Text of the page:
Tuesday, December 15, 2009

The End of the World as We "Knew" It

Googled: The End of the World As We Know It
Back in 2001, after coming home from seeing the first “Lord of the Rings” film, I got an unexpected email from an acquaintance who asked me to take down any reference to him in a particular posting on my website. It was a small matter. But in the ensuing conversation, he mentioned that before he dates anyone, he “googles” their name.

That was fully three years before social networking sites had gone full boil. So, of course, you can guess that the title of this posting refers to the new book by Ken Auletta, “Googled: The End of the World as We Know It”, from Penguin Press (New York, 2009, ISBN 978-1-59420-235-3), 384 pages, hardcover, endnotes. Call it “life as we knew it” – past tense.

It came as a surprise to me that the “Company” did not come into legal existence until the fall of 1998. In fact, Congress had already passed COPA, and soon I would become a plaintiff (sponsored by EFF). I would be asked to supply page view counts, and one thing I discovered is that they increased very rapidly starting in late 1998, as I got indexed into what would become the largest and most popular search engine.

Auletta spends a lot of the early part on the book on the idea of revolutionary innovation, of being the next teenager in a garage to come up with something to tear down whole industries. Page and Brin were already out of grad school, so the birth of The Company is not quite so shocking (Auletta covers the details), but the concept of “copying down” all the links on the Internet as it was in the mid 1990s was revolutionary, but perhaps no more so than other things going on (such as Shawn Fanning’s single-handed invention of Napster in the late 90s). There were other search engines, but Page, Brin and others brought their mathematical bent to develop a way to model “the wisdom of the masses”, coming up with a search technique that would lend itself to monetization, and a revolution more in the concept of how to run the whole world of advertising than anuthi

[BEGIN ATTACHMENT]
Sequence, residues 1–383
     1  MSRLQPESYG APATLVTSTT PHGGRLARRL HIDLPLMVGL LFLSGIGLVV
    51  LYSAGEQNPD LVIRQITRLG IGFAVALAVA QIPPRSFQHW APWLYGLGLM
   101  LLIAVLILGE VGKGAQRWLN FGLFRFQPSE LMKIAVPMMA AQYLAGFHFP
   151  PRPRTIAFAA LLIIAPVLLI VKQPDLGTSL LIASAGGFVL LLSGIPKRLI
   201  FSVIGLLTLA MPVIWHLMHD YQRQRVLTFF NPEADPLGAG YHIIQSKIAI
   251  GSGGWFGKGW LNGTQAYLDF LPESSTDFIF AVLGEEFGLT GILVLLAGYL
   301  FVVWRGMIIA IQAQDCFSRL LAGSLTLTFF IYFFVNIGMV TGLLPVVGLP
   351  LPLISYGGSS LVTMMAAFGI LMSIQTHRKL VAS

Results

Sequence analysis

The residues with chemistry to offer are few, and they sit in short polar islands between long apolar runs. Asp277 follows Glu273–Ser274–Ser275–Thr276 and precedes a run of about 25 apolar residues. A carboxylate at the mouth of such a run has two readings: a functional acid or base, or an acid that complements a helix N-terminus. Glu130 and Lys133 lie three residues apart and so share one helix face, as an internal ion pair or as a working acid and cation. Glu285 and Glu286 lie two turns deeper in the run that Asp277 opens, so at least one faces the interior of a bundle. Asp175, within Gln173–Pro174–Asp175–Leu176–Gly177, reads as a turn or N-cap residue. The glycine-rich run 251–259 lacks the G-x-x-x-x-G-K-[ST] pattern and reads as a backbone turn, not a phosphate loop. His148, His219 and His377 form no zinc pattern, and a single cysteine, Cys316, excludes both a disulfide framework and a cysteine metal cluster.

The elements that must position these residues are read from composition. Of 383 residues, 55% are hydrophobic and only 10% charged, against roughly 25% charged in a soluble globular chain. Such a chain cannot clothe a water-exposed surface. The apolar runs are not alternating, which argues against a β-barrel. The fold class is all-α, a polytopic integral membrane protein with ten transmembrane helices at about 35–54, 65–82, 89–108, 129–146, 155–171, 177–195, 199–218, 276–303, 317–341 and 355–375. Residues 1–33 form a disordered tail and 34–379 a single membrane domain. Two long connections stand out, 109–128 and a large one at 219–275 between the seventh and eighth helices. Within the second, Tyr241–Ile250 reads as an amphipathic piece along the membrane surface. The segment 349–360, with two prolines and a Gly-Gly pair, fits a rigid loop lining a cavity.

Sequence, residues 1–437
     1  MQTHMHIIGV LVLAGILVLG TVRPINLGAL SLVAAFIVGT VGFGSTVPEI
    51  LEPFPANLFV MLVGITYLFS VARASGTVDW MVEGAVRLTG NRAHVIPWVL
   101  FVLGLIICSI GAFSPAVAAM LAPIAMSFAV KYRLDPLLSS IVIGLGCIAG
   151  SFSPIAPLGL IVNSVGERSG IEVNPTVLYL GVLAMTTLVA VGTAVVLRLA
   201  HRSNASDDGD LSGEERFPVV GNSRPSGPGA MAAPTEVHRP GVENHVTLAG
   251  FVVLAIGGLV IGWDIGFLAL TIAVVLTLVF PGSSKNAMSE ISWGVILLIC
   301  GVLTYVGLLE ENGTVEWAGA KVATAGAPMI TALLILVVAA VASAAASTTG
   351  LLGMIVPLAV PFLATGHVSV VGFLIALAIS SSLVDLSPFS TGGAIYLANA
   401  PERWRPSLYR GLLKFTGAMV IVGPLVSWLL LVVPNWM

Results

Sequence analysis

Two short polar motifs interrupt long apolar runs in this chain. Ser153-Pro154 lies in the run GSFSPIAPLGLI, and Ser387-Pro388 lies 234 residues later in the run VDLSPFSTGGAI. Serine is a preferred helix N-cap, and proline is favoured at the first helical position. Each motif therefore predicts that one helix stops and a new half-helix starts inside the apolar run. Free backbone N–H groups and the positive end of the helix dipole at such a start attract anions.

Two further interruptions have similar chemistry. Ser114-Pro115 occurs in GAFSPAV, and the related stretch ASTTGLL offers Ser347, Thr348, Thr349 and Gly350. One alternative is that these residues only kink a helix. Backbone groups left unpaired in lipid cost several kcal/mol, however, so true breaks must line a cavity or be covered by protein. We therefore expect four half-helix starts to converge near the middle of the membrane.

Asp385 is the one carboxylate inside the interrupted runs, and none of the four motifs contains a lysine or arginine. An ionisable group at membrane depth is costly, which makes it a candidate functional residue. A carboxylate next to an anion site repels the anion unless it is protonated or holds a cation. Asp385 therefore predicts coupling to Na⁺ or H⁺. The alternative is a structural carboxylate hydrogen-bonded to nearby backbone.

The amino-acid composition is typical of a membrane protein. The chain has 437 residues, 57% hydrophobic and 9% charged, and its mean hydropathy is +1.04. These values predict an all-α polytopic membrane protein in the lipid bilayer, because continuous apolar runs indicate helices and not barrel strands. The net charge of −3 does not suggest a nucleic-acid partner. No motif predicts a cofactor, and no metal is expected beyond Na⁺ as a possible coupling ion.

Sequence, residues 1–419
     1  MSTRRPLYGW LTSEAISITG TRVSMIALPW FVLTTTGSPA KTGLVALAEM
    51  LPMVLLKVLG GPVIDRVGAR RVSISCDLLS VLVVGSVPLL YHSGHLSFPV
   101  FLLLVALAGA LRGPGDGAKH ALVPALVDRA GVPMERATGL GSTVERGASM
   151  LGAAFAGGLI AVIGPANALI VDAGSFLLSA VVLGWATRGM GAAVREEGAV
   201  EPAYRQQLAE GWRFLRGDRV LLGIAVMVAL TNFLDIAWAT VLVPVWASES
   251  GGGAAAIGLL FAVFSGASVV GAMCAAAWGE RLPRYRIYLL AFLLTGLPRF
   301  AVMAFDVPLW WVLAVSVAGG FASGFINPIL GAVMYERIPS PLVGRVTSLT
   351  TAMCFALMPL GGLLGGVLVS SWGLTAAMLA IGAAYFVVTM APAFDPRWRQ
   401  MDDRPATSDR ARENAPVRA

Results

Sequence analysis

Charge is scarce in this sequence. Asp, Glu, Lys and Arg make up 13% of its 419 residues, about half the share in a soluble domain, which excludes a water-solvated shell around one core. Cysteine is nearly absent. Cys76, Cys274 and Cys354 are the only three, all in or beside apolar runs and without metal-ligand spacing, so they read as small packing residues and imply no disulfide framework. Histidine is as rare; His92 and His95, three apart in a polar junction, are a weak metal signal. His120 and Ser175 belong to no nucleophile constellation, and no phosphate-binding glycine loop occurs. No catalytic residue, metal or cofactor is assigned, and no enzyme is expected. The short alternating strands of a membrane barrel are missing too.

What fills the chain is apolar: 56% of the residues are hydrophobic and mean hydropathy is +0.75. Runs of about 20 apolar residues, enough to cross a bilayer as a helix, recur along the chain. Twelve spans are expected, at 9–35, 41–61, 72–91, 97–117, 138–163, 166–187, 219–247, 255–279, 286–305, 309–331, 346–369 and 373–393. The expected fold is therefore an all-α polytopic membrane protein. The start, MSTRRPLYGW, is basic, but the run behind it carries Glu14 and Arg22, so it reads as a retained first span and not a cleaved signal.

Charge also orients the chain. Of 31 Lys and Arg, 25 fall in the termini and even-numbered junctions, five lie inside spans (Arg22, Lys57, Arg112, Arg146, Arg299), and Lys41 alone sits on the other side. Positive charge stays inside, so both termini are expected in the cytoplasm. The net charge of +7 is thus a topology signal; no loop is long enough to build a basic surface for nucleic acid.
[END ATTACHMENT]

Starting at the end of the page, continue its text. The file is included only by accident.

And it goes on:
While tracing the “childhood” and “adolescence” of The Company, Auletta analyzes the “existential threats” to established media industries pretty thoroughly.

Particularly interesting is the guarded reaction of the book publishing industry, and of established authors, not only to the book project, but to the whole concept that writers expect their work to be found online and “scoped” rather than read leisurely (or studied carefully) after being paid for. The problem gets complex: some book publishers offer new authors “print on demand”, and “vanity publishing”, to develop a presence in the limelight, becomes much enabled.

But that possibility links up with concerns that Auletta raises at the very end, about the prospect for stricter government regulation, especially overseas, as many cultures consider “the community” more important than “the individual.” For example, one could then posit the moral question: if one stakes a position in the limelight, should one first have to be accountable for and to others? That can turn the whole paradigm of “personal responsibility” (for which so much of the Internet, where consequences occur retrospectively) upside down, perhaps Confucian style. (To get a rein on individual vanity and encourage social connectedness LDS or Amish style, one could suggest that an online book be allowed to remain available only if it does make reportable income!)

Auletta does mention the problem of online reputation, which boils down to the fact that anyone can publish anything and the whole world will find it quickly, especially when the material is made available to search engines. But the world of social networking makes the question more complicated: not only just with the issue of privacy controls (and trust in major companies), but with the whole purpose of being online: it’s socializing, it’s publishing, it’s everything. Auletta tangentially gives short histories of Myspace and Facebook, too.

There is something about “The Company” that regards itself as a super-utility, building on the content of users. Older media companies were predicated not only on the notion that “content is king”, but that content goes through supervision and review before it is “published”. (Auletta provides a lot of constructive criticism of the traditional newspaper business.) That it became permissible to dismiss the oversight component may seem like the fortune of history now, although much of it is embedded in Section 230 and in the DMCA safe harbor, a concept that the author doesn’t get into. We should not take things for granted so easily.

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